Background/aims: Histopathology is essential in the diagnostic workup of most liver diseases. However, biopsy sampling might carry risks, is subject to sampling error, and does not provide dynamic tissue imaging. Therefore a newly developed miniaturised confocal probe was evaluated for in vivo microscopic imaging in rodent models of human liver diseases.
Methods: The handheld laparoscopy probe used a 488nm single line laser for fluorophore excitation. Optical slice thickness was 7 microm, lateral resolution 0.7 microm. Imaging depth was 0-250 microm below the tissue surface. Imaging using different fluorescent staining protocols was performed in healthy mice, IFN-gamma- and IL-12-induced hepatitis, after bile duct ligation, and in ob/ob mice.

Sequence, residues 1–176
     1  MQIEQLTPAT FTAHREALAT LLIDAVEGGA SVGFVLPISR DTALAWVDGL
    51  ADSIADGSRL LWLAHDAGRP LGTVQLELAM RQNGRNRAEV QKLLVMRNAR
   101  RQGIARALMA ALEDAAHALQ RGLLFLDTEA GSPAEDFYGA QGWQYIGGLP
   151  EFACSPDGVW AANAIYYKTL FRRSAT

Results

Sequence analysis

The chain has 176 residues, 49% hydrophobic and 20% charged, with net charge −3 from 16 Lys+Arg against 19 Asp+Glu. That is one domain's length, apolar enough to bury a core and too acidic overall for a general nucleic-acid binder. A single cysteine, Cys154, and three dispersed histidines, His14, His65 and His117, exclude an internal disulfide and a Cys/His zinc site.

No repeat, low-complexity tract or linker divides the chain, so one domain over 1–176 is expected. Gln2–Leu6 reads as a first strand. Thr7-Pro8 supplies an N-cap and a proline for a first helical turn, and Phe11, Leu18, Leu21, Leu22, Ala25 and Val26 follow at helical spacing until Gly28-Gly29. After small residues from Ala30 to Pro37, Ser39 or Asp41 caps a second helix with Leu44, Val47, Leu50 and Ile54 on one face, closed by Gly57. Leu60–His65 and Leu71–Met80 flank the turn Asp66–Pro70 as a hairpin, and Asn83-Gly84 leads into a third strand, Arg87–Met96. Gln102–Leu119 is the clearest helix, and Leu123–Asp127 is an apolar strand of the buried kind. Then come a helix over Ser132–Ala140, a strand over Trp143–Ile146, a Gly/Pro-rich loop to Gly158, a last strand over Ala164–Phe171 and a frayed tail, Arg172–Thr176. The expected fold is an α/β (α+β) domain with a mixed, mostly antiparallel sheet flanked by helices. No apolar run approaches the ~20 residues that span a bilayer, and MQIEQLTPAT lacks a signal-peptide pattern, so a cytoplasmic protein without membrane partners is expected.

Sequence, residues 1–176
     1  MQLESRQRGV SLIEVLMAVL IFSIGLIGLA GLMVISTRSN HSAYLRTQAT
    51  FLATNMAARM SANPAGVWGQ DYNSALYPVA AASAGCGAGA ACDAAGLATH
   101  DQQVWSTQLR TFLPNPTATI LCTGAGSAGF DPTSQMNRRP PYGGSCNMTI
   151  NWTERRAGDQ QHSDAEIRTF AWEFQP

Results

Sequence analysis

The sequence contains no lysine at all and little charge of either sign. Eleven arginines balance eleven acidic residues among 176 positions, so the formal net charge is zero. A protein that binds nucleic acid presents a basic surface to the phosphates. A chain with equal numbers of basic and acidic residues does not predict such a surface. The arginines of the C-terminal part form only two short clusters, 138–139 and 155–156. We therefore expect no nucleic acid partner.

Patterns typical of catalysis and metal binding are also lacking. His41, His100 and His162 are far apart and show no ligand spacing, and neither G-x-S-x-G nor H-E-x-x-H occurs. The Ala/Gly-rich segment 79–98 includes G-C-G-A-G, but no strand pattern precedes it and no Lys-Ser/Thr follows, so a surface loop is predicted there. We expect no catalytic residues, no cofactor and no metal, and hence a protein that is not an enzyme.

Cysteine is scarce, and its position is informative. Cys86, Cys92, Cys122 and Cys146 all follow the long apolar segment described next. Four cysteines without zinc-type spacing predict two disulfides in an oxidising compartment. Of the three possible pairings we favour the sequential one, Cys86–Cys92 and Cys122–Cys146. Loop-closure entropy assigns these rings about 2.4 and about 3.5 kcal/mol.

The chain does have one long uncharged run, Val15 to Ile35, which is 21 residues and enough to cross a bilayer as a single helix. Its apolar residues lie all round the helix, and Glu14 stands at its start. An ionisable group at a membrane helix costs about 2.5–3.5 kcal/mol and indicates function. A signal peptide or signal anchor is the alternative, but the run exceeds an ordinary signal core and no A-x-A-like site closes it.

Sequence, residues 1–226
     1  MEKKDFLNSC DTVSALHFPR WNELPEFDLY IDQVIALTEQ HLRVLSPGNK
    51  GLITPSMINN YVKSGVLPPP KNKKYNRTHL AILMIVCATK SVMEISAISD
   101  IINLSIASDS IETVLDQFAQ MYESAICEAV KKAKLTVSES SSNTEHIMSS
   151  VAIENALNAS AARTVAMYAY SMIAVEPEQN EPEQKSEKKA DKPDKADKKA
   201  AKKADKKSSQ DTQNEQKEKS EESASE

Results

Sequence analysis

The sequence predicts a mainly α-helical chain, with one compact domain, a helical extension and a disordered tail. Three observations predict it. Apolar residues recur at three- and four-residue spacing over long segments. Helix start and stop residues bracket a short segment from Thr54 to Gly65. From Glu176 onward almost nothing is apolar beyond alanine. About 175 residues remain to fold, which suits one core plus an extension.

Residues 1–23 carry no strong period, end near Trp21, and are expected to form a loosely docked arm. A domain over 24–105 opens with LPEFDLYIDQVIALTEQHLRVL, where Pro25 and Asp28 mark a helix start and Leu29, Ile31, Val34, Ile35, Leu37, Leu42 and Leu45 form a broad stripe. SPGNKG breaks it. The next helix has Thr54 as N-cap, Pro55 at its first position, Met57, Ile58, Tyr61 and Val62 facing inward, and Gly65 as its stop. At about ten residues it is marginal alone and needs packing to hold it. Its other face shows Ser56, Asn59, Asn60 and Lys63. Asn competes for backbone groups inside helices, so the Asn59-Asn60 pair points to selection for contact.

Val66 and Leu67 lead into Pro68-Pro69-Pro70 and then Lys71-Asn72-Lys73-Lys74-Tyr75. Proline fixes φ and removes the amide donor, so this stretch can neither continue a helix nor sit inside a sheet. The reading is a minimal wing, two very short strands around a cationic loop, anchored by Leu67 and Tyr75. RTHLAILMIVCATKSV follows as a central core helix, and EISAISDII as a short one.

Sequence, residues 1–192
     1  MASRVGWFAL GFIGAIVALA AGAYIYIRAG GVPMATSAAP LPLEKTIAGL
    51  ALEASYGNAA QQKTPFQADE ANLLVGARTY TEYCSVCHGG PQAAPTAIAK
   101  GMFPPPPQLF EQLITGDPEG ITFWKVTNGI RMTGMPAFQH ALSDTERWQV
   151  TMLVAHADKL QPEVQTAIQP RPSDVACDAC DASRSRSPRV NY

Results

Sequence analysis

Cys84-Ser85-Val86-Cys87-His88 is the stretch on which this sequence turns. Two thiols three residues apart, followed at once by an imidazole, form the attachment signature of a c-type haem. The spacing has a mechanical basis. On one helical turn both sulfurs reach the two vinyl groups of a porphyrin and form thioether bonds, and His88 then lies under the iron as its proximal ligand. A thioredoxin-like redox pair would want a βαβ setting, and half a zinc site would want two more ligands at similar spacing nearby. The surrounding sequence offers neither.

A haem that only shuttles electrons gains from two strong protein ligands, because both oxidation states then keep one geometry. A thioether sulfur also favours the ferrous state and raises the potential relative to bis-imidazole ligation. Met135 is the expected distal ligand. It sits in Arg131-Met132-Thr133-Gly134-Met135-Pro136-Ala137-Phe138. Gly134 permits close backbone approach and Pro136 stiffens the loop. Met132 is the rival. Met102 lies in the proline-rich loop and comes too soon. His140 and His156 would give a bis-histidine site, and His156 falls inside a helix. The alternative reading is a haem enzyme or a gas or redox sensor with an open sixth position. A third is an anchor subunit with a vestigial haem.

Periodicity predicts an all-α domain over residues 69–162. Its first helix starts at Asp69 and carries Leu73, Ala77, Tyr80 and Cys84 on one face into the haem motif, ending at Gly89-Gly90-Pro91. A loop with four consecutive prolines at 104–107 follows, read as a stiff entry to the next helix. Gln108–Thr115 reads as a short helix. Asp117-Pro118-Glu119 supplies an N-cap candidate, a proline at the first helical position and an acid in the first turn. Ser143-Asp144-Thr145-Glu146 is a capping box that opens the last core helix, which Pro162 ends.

Results: Confocal imaging permitted microscopic imaging of the liver in vivo at high resolution. Landmarks of liver diseases such as inflammatory infiltration, steatosis, bile duct proliferation, pericellular fibrosis and perfusion anomalies could be characterised, localised and differentiated in vivo.
Conclusions: In vivo confocal microscopy with this newly developed probe allows real-time subsurface imaging and characterisation of normal and pathologic liver tissue at high resolution. Since this technology is suited for laparoscopy in humans, it has the potential to impact on the diagnostic workup of liver diseases and to permit dynamic monitoring of (patho-)physiologic events in vivo.